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Our monthly property market review is intended to provide background to recent developments in property markets as well as to give an indication of how some key issues could impact in the future.

We are not responsible or authorised to provide advice on investment decisions concerning property, only for the provision of mortgage advice. We hope you will find this review to be of interest.


New buyer enquiries rose slightly in the Royal Institution of Chartered Surveyors’ (RICS) November survey, with a net balance of +13%, while new instructions fell for the eighth successive month to -18%.

The end of the Stamp Duty holiday, among other factors, has contributed to a dip in housing market activity, with Q3 recording a 26% fall in purchases compared to the previous quarter, according to UK Finance data. Despite this, Q3 purchases remained 10% higher than their 2019 equivalent.

The largest growth in the recent data came in the rental market, with rent increases at a 13-year high. Average rent, excluding London, now stands at £809 per month, according to Zoopla’s latest Rental Market Report.

Tenant demand returned a net balance of +48% in November and RICS foresees further upward movement in rent prices because of this demand and a shortage of rental properties. The rental market is currently strongest in the central zones of major cities, where demand is twice as high as in outer zones.


Growth in the price of flats is now outpacing growth in the price of detached houses, Halifax’s latest House Price Index has revealed, a sign that the ‘race for space’ that characterised the 2020 housing market could be fizzling out.

At the height of the lockdowns in 2020, demand for space soared as people worked from home and the government introduced the Stamp Duty holiday. Now, however, this trend seems to be reversing, as city centres become more appealing again – in November, flats were selling 10.8% higher year-on- year, compared to the 6.6% average rise in the price of detached houses.

Tim Bannister of Rightmove commented, “A shift in demand from bigger houses to flats has emerged as more of society has opened up again and people have assessed where they will work throughout the week, with many now considering a move closer to a city than further out.”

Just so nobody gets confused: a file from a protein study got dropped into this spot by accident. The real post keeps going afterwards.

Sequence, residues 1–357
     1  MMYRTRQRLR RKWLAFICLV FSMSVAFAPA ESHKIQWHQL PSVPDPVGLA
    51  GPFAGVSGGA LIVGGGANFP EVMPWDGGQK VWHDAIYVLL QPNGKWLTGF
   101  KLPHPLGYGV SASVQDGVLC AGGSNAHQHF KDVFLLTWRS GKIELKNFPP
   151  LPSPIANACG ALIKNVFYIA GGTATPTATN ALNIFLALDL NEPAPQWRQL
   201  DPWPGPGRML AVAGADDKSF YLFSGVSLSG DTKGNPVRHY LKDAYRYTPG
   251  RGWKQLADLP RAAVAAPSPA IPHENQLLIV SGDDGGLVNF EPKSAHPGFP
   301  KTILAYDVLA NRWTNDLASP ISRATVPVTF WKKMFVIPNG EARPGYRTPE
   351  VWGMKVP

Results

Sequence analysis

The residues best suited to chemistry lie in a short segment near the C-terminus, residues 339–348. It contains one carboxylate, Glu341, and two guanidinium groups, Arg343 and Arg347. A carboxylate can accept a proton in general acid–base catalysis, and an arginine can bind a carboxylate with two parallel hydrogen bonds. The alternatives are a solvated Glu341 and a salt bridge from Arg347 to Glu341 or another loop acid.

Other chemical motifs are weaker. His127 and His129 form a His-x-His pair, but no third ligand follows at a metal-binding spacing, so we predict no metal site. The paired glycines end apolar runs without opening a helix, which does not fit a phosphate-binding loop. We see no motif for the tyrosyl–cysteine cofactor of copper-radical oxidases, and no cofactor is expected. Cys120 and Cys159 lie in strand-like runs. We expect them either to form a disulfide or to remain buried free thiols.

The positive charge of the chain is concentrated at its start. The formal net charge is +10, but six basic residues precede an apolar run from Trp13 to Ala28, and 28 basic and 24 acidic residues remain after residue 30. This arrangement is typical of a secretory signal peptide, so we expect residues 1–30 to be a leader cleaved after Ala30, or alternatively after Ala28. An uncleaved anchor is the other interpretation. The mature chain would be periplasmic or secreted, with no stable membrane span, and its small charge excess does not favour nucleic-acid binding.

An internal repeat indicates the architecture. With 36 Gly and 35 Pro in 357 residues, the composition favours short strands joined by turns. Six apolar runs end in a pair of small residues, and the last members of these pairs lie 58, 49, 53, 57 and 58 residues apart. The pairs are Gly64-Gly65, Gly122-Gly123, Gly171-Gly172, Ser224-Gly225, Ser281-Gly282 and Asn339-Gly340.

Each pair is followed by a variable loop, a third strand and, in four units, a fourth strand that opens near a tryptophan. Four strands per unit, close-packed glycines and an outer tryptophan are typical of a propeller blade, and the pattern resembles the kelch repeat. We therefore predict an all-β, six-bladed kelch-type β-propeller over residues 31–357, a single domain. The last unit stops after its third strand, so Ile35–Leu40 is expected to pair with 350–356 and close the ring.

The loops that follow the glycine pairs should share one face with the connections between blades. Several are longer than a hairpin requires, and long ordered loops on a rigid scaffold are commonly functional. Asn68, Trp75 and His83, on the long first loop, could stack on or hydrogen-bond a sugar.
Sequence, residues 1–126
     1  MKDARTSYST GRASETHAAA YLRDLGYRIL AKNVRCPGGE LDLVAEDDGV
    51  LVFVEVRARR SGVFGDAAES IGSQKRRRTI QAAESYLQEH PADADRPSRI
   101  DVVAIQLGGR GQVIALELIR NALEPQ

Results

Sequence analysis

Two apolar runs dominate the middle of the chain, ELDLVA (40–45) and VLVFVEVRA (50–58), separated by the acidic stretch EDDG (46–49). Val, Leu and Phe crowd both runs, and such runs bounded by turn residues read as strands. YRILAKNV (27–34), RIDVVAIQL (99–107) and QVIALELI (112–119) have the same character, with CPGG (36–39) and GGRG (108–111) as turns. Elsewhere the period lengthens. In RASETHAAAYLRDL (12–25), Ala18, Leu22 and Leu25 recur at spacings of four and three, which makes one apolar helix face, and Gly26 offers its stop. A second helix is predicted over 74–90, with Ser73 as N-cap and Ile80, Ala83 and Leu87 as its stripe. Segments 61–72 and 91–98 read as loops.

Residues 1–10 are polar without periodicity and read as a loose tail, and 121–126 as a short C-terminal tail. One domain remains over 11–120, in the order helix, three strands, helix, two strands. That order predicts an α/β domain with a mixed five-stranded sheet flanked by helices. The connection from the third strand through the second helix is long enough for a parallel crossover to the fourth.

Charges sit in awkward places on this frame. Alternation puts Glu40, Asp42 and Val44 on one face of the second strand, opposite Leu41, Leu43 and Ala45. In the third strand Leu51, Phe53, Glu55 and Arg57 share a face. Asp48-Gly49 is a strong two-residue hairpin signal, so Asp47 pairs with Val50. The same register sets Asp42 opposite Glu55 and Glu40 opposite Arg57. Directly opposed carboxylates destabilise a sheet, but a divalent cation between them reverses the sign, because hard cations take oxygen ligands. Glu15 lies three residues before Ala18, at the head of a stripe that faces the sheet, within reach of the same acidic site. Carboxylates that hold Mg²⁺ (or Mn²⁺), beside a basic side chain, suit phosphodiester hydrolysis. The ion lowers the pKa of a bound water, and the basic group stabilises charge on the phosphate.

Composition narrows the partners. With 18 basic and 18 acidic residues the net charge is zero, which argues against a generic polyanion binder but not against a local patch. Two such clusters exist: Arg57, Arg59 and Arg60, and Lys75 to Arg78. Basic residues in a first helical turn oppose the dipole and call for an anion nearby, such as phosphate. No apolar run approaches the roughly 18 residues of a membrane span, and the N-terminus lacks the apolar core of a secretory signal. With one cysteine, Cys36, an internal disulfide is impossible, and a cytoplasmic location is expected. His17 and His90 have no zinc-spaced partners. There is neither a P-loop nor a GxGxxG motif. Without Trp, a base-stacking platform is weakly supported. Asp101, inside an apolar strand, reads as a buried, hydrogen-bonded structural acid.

House prices will soar ever higher in 2022, according to Rightmove, as sustained buyer demand and historically low levels of available property endure.

Several uncertainties continue to loom over the housing market, including the threat posed by the Omicron variant, which could have a significant impact on supply and demand, as well as playing a role in any possible rise to the Bank of England’s base rate.

Even so, the latest analysis from Rightmove predicts that house prices will rise nationwide in 2022 by 5%. Despite an expected increase in listings next year, these will likely still struggle to keep pace with persistent demand.

According to Rightmove’s Tim Bannister the “imbalance between supply and demand has resulted in buyer demand per available property being at near-record highs, suggesting that the 2021 scenario of multiple buyer bids on a high proportion of properties when they come to market is set to continue in the new year.”

The largest growth in the recent data came in the rental market, with rent increases at a 13-year high

Housing Market Outlook

“Looking ahead, there is now greater uncertainty than has been the case for quite some time, with interest rates expected to rise to guard against further increases in inflation. Economic confidence may also be dented by the emergence of the new Omicron virus variant, though it remains far too early to speculate on any long-term impact, given insufficient data at this stage, not to mention the resilience the housing market has already shown in challenging circumstances.”
Russell Galley, Managing Director at Halifax
Source: Halifax December 2021
It is important to take professional advice before making any decision relating to your personal finances. Information within this document is based on our current understanding and can be subject to change without notice and the accuracy and completeness of the information cannot be guaranteed. It does not provide individual tailored investment advice and is for guidance only. Some rules may vary in different parts of the UK.

All details are correct at the time of writing (15th December 2021)

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